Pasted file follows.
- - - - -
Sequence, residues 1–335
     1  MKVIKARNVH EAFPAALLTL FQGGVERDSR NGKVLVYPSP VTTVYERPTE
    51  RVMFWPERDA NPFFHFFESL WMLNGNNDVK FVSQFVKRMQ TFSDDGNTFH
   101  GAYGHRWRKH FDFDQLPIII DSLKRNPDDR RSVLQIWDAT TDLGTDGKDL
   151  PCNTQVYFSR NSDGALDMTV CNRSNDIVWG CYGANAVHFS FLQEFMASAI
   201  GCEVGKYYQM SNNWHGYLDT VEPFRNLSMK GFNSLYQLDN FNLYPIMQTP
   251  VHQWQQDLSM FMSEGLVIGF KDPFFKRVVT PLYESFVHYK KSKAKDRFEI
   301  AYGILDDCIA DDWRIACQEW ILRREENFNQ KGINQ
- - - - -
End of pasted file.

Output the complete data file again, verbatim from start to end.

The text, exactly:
Sequence, residues 1–335
     1  MKVIKARNVH EAFPAALLTL FQGGVERDSR NGKVLVYPSP VTTVYERPTE
    51  RVMFWPERDA NPFFHFFESL WMLNGNNDVK FVSQFVKRMQ TFSDDGNTFH
   101  GAYGHRWRKH FDFDQLPIII DSLKRNPDDR RSVLQIWDAT TDLGTDGKDL
   151  PCNTQVYFSR NSDGALDMTV CNRSNDIVWG CYGANAVHFS FLQEFMASAI
   201  GCEVGKYYQM SNNWHGYLDT VEPFRNLSMK GFNSLYQLDN FNLYPIMQTP
   251  VHQWQQDLSM FMSEGLVIGF KDPFFKRVVT PLYESFVHYK KSKAKDRFEI
   301  AYGILDDCIA DDWRIACQEW ILRREENFNQ KGINQ